gerg comments on Bayes' Theorem Illustrated (My Way) - Less Wrong

126 03 June 2010 04:40AM

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Comment author: 04 June 2010 08:35:11AM 2 points [-]

A presentation critique: psychologically, we tend to compare the relative areas of shapes. Your ovals in Figure 1 are scaled so that their linear dimensions (width, for example) are in the ratio 2:5:3; however, what we see are ovals whose areas are in ratio 4:25:9, which isn't what you're trying to convey. I think this happens for later shapes as well, although I didn't check them all.

Comment author: 04 June 2010 08:59:22AM 2 points [-]

Really? I'd have said the exact opposite. For example in this post, the phrase "half the original's size" means that the linear dimensions are halved. This issue also come up in the production of bubble charts, where the size of a circle represents some value. When I look at a bubble chart it is often unclear whether the data is intended to be represented by the area or the radius.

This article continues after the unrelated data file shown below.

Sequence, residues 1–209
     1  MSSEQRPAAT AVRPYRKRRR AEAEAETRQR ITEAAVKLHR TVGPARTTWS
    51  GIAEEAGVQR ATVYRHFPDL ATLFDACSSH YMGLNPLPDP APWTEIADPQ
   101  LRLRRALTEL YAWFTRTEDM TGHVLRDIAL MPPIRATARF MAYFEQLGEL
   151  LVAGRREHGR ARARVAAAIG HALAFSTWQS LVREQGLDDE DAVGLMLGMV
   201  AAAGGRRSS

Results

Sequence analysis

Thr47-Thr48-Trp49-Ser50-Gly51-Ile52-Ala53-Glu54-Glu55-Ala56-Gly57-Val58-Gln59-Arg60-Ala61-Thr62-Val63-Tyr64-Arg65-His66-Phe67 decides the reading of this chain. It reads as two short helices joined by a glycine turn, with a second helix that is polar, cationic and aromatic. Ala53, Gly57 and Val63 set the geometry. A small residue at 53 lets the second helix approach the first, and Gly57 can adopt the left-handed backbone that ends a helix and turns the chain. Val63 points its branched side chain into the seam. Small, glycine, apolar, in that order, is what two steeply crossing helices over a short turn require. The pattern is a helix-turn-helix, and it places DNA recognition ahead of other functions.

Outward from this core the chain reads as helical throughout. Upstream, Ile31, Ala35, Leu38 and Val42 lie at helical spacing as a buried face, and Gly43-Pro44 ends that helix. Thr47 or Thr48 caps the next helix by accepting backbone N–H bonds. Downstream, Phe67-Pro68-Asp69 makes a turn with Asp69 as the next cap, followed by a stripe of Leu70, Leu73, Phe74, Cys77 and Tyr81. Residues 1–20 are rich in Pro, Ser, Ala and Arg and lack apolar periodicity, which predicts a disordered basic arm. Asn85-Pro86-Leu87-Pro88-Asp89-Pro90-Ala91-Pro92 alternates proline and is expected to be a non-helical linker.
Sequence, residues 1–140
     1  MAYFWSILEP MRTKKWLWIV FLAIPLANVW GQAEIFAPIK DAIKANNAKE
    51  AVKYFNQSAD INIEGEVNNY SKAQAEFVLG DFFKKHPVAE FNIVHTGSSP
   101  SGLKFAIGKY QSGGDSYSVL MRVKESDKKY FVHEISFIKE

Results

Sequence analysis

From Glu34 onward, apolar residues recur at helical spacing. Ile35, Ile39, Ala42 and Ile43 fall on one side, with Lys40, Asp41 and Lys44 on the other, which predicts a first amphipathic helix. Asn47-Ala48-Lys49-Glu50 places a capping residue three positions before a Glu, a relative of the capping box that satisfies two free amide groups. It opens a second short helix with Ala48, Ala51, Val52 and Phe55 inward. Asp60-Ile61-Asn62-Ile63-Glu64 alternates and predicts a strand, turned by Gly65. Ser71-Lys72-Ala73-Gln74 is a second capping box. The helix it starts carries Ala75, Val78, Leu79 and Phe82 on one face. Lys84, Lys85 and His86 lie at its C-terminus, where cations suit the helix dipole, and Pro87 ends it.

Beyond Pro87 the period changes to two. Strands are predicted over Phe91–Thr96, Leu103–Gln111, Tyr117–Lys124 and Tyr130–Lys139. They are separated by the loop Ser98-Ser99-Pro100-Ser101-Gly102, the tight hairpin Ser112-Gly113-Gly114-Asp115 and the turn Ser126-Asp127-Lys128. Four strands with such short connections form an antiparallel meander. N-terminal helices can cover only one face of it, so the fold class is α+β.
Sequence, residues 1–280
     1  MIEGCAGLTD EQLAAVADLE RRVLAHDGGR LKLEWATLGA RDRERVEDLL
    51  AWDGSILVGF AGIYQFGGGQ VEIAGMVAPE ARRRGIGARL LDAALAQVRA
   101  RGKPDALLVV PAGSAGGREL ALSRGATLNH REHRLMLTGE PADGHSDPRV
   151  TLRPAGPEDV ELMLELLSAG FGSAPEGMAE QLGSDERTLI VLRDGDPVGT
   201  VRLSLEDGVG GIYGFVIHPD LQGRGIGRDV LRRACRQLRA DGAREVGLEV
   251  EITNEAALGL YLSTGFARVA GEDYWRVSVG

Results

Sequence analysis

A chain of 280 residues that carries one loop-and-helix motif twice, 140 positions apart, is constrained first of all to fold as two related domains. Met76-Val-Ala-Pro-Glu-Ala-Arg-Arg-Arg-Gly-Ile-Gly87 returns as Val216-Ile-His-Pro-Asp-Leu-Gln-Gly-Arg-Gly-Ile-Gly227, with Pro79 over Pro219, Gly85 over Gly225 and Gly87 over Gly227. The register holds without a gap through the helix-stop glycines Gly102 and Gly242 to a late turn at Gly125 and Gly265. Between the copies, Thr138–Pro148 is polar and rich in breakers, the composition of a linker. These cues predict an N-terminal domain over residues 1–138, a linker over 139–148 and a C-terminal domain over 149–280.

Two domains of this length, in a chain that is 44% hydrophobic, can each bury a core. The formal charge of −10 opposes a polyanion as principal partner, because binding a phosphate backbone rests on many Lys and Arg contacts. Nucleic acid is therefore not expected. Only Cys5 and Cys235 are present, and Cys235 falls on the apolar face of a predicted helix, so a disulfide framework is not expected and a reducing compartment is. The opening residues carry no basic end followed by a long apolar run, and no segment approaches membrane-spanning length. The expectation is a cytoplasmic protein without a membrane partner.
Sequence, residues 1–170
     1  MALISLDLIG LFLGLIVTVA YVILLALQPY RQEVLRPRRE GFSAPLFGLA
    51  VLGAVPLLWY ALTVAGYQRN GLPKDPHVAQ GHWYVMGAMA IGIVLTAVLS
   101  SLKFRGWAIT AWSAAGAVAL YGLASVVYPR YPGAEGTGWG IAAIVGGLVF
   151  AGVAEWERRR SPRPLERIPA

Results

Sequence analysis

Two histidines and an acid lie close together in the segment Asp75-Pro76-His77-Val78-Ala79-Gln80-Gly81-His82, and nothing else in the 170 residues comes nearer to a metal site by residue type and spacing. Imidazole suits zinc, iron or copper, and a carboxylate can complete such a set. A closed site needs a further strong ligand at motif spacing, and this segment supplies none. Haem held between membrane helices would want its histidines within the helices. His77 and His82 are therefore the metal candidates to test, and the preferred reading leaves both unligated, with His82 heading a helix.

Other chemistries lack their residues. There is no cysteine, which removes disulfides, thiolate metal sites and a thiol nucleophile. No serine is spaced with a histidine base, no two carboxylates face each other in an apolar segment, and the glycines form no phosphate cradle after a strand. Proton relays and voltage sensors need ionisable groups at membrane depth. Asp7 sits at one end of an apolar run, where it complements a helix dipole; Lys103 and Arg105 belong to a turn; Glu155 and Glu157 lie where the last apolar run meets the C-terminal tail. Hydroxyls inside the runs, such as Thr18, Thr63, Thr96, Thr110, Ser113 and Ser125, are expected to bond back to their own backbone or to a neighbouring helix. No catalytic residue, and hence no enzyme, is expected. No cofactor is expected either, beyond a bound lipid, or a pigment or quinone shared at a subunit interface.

It is certainly easier for me to compare linear dimensions than areas.

Comment author: 04 June 2010 07:16:31PM 2 points [-]

Hence the popularity of bar charts, where the area and the linear dimension are coupled. But the visual impact is a function of area, more than length, even if it is hard to quantify in the eye - but quantification should be done by the quantitative numbers, not by graphical estimation.

(How many sentences can I start with conjunctions? Let me count the ways...)